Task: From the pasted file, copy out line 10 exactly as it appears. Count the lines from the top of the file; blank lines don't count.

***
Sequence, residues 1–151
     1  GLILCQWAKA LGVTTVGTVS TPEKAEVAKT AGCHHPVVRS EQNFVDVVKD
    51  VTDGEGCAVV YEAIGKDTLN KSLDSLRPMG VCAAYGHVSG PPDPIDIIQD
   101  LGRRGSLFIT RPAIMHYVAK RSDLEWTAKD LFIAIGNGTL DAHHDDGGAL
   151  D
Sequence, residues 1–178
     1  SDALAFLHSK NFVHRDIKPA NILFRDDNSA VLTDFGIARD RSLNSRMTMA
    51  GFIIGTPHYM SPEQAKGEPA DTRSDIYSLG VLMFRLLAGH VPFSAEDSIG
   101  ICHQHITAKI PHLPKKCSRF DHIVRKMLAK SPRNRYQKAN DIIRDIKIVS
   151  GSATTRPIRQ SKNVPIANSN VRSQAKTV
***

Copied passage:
   151  GSATTRPIRQ SKNVPIANSN VRSQAKTV